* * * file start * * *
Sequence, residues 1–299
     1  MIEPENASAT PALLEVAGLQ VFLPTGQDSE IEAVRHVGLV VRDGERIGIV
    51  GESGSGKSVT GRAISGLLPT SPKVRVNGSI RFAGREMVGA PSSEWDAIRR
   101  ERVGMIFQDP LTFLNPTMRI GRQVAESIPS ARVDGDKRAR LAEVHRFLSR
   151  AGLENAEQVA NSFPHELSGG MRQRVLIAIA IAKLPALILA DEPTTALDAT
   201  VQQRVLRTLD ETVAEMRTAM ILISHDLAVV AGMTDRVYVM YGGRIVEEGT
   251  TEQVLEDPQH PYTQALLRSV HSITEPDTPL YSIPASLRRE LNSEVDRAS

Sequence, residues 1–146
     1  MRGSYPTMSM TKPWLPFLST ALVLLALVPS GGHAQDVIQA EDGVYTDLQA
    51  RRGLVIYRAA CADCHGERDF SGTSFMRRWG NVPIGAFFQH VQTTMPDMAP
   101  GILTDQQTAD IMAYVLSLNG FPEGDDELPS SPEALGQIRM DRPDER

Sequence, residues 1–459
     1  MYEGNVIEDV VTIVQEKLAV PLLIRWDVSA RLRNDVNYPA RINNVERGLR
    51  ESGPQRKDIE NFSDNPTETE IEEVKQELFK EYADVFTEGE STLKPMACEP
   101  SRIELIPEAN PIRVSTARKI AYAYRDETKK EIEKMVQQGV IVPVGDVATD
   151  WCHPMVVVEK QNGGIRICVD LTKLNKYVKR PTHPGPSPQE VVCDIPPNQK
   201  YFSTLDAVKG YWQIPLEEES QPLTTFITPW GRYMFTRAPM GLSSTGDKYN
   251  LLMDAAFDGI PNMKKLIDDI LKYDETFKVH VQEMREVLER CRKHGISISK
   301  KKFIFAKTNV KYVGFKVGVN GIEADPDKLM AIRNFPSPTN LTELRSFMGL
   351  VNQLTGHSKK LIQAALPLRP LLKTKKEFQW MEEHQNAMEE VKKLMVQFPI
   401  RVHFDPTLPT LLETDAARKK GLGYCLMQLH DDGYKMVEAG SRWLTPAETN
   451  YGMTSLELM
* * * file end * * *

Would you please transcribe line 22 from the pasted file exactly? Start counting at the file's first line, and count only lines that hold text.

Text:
   451  YGMTSLELM